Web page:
This article was originally published by The Business Post.
Taoiseach Enda Kenny last week confirmed what most people already knew: the growing mortgage arrears crisis is the single biggest issue facing the Irish people at present. The latest figures show that more than 10 per cent of all mortgages are now in arrears or have been restructured.
This means that an awful lot of people now need an awful lot of help. For many of them, the first port of call is the state-funded Money Advice and Budgeting Service (Mabs).
However, despite the great work of its staff, there are significant structural problems with Mabs. In fact, its present structure inhibits its effectiveness in dealing with the current crisis.
It has no clear governance structure. Instead, it comprises 52 separate limited companies, each managed by a voluntary board. Mabs has been under the control of the Citizens Information Board for four years now, but it has no dedicated board, no strategy of its own and no independence.
Last September, I got a shock. I was waiting to appear before the Oireachtas Finance Committee to discuss the mortgage arrears issue. Both Mabs and the Citizens Information Board were giving evidence, and, given their relationship, I expected them to be singing off the same hymn sheet. In fact, they fundamentally disagreed over policy.
The Department of Social Protection funds Mabs to the tune of about €18 million per year. This is a significant sum and it needs to be pointed in the right direction.
Last year, Mabs dealt with 26,000 debtors face to face, and a further 24,000 over the phone or through its website. This is a significant number of people and gives a clear indication of the size of the problem.
Those in financial difficulty deserve a sharply-focused organisation which ensures that the best quality service is provided. The Mabs staff are focused, and Mabs as an organisation can be too. But it has to change.
It was set up in 1992 following an exposé on money lenders, but the world has changed dramatically since then. It was originally established as a rights-based service working to support those in debt to meet their obligations, according to their means.
Today, its original structure is not fit for purpose. It should immediately be restructured out of respect to those it is trying to serve, as well as its staff. It needs a board and a specified management team – these are essentialto ensure adequate corporate governance and an independent strategic vision and direction.
Insolvency legislation would provide a backdrop to negotiations about long-term sustainable and affordable solutions for borrowers. Every consumer debt-focused organisation should have a role to play in the new legislative regime which builds on its collective, dedicated knowledge and experience in this area. We are anxiously awaiting its introduction.
Mabs has an integral part to play in services to borrowers and those in debt. The Programme for Government includes an intent to establish a debt management agency, but this has not been implemented.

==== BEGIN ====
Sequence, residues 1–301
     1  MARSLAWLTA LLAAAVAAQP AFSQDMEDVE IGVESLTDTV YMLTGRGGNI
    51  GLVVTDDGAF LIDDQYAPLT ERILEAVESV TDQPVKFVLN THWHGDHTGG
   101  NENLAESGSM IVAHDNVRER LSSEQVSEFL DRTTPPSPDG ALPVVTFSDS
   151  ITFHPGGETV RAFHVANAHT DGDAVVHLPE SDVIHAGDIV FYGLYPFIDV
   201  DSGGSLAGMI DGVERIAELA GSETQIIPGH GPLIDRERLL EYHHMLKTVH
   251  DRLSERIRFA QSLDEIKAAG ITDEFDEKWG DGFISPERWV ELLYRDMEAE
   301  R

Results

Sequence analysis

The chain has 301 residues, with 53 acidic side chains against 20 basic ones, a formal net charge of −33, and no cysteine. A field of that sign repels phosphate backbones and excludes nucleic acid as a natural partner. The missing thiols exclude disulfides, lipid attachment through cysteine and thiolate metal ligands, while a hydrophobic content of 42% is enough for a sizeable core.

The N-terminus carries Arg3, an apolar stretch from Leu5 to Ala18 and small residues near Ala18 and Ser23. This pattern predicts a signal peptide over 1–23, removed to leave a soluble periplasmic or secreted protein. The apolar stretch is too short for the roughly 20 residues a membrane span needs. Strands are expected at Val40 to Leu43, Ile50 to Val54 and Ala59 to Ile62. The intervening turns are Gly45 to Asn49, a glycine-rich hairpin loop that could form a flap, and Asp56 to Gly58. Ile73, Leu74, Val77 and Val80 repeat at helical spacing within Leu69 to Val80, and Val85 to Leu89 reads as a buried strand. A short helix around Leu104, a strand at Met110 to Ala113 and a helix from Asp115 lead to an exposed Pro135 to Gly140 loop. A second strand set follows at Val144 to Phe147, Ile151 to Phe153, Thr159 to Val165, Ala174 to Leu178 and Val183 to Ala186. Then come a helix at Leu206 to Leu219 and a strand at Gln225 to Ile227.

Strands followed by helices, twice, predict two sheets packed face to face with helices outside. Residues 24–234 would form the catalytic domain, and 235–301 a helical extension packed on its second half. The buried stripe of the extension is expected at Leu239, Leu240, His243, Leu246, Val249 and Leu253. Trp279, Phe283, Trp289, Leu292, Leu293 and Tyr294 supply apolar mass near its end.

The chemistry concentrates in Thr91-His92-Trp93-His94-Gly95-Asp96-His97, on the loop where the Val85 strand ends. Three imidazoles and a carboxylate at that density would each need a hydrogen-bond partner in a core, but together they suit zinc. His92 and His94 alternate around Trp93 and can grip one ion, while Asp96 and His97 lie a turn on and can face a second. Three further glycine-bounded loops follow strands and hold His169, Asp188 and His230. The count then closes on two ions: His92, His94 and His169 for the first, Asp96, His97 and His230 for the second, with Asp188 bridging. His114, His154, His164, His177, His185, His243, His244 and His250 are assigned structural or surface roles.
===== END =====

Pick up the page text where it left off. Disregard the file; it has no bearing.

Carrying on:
In the Senate last week, Minister of State for Public Service Reform Brian Hayes said the government would be adding mortgage staff to the Citizens Information Board. This is worrying. Why dilute the structure, as delicate as it is? Who benefits from such a move? Not the debtor.
In dealing with the mortgage crisis, the response from banks has been pathetic. We need to move to long-term solutions which can be set against the backdrop of the insolvency legislation.
Skilled negotiation and professional organisations will be required to resolve mortgage debts as well as unsecured debts.
The fact that 10 per cent are now in arrears of 90 days or more – and remember, this does not include buy-to-lets, shared ownership schemes or anyone who has got into trouble in the past few months – represents an unwelcome but not unexpected milestone in our economic landscape.
It’s time for action, not more repetitive commenting on an obviously serious issue. People are scared and need clear leadership from government, something which has been lacking and which has been replaced by spin.
In addition to mortgage debt, most struggling households have additional debt that requires resolution. This debt must be treated in conjunction with mortgage debt to arrive at a realistic repayment plan which takes into account the debtor’s individual circumstances and capacity to pay.
In the coming months, New Beginning will change. We will become a not-for-profit organisation that will provide financial, negotiation, advocacy and legal services to struggling homeowners. This will be funded by clients on a not-for-profit basis to ensure the borrower is represented professionally.
There is a benefit to borrowers coming together in large numbers and having effective solutions negotiated. This may include a borrowers’ union, for want of a better description.
At the moment, the deck is very much stacked against the debtor. Banks and creditors have significant fire power in the form of staff, administration, internal and external lawyers – an endless arsenal of administrative tools to pursue and destroy.
The debtor has very little in the way of protection and very little support. This is why a fit-for-purpose Mabs and other service providers are so important.
*David Hall is a founder of the New Beginning group, which lobbies for and supports mortgage holders in difficulty*